Horse Assisted Learning (EAL) – What is it?
Working with horses as part of personal development is increasingly becoming a popular choice for many organisations and offers a refreshing alternative to the ‘typical’ team building / communication / problem solving training days for staff.
Working with horses as part of EAL involves exploring how people listen to and then interpret horses non-verbal communication and cues and how this can relate to people’s interactions and communications with others in their lives – both professional and private.
The need to understand one’s own behaviour as well as the behaviour of others becomes very clear in the arena where people are faced with the honesty of horses who continuously respond to the behaviours and emotions of people and who are not duplicitous in their behavioural interactions. Through the reactions and continuous behavioural changes that horses make, people are provided with continuous opportunities to explore areas such as personal exploration of feelings, powers of intuition and energy, understanding of self, nature, relationships, communications, emotional growth, self-efficacy and self-esteem.
Horses, as prey creatures, are particularly sensitive to their environment and operate at an emotional and intuitive level that constantly relies on non-verbal body language for survival. They have highly developed social and relational skills which help greatly to provide the basis for their safety with no separation about what horse think and what is communicated by their body language. Horses pay significant attention to detail and can also pay great attention to the things that go unnoticed by most people. In order to influence the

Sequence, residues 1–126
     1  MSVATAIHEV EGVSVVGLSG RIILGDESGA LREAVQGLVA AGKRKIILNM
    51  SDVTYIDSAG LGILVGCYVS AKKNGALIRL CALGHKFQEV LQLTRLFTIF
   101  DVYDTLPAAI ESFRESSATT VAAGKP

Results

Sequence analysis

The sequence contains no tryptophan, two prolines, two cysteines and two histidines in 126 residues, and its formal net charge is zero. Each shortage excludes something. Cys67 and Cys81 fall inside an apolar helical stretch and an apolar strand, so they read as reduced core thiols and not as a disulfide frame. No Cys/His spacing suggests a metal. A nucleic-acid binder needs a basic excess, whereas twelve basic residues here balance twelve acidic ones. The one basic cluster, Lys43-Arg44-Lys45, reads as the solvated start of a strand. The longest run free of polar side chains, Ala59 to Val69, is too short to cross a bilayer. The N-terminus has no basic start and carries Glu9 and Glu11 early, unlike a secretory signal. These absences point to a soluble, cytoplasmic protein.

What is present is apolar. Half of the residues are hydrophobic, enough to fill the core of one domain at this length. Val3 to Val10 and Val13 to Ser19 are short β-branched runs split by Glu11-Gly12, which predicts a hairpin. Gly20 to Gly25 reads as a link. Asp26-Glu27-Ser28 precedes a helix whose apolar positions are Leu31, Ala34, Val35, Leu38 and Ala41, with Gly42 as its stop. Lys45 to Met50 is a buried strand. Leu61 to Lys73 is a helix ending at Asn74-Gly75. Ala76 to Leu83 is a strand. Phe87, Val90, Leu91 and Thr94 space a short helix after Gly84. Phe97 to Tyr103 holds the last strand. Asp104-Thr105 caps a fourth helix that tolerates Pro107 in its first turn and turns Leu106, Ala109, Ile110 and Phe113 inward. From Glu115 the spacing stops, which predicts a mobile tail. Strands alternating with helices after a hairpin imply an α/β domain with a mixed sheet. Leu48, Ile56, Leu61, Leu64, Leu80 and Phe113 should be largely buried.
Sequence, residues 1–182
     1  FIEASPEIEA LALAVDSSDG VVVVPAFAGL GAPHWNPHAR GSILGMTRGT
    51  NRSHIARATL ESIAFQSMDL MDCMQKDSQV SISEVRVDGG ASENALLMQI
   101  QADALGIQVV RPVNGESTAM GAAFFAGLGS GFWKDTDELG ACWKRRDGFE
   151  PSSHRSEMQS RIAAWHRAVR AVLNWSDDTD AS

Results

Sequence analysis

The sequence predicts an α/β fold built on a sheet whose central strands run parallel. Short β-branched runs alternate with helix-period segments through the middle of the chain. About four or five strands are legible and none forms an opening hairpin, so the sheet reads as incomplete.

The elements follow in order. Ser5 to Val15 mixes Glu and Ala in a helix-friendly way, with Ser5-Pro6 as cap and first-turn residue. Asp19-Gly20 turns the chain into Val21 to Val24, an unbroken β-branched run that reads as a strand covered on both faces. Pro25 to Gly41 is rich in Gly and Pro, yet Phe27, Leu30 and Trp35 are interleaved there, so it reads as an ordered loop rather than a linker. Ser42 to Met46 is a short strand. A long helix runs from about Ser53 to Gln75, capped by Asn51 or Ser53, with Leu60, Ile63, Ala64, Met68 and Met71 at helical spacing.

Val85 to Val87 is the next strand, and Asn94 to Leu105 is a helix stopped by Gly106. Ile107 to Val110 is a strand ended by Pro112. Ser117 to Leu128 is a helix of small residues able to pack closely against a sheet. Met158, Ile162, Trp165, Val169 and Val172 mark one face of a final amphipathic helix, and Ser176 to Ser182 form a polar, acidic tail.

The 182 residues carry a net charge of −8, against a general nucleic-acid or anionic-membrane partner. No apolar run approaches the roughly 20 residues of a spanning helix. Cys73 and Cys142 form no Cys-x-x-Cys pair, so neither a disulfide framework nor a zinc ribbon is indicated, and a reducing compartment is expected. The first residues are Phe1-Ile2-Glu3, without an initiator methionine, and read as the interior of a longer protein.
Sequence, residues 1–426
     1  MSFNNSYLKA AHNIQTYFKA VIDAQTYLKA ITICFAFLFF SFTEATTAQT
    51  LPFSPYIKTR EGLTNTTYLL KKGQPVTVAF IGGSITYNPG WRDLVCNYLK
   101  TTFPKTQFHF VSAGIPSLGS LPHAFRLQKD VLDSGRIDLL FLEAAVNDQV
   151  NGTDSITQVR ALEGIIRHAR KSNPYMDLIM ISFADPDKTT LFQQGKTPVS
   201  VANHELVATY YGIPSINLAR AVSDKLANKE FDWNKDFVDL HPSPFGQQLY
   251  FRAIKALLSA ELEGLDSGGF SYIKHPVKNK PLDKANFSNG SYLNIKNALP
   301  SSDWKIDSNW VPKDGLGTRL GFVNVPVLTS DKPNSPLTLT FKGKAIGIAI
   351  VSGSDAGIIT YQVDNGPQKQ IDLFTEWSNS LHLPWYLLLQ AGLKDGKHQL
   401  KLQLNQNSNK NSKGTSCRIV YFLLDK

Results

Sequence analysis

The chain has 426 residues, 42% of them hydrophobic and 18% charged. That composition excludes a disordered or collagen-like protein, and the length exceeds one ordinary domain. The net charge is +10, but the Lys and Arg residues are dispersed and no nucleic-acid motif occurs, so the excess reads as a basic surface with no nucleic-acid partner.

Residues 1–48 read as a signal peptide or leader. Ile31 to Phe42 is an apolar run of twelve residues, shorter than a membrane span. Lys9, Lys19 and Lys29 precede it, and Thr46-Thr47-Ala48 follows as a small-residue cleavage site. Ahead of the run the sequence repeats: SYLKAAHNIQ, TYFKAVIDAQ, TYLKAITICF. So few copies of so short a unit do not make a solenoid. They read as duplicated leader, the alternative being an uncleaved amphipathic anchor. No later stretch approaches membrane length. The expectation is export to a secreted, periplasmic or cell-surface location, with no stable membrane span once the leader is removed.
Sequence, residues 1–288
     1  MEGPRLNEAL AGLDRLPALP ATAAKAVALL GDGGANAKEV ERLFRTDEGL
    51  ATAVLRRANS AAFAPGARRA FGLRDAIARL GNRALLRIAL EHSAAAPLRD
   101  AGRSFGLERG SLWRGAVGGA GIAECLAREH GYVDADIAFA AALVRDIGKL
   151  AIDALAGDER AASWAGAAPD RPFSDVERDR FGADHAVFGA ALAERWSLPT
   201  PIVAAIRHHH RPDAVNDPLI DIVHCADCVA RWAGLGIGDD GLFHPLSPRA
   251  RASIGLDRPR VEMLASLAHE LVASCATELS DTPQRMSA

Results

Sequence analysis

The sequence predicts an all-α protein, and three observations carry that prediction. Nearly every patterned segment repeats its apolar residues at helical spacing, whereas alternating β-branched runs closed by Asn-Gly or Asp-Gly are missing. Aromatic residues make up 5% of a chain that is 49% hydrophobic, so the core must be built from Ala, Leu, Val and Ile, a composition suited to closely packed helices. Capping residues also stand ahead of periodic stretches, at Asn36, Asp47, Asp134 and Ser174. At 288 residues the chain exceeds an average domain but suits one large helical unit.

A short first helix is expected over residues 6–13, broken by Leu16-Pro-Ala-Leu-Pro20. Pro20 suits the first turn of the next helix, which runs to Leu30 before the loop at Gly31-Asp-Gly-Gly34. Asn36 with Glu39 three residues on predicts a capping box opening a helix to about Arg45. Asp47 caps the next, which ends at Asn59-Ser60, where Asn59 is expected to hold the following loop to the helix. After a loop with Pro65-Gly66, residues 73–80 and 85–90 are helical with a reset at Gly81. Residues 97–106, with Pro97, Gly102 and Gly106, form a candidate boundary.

behaviour of the horse, a person has to change their behaviour, which requires self-examining and taking responsibility for own decisions and outcomes.
Horses are large and powerful animals providing an interesting paradox as to how their strength can be subtly and gently influenced by one or more people in a relatively short timeframe. By adjusting ones behaviour, horses will adjust their behaviour accordingly. Working with horses requires people to speak ‘honestly and confidently’ with their own body language and in so doing, horses are continuously giving out information about how they feel in any given situation.
Do I need experience with horses?
No – absolutely no experience of working with horses is required. The sessions are delivered by two people- a session facilitator and an equine advisor.
How long is a session?
Typically a group session is between one hour and one and a half hours with scope for discussion before and afterwards.
Is it safe?
Completely– the horses that work at Festina Lente are very well habituated to working with groups of people. Additionally, the role of the equine advisor is to ensure the safety of both people and horses.
How much does this cost ?
The cost of each session is dependent on the number of people. For more information please contact firstname.lastname@example.org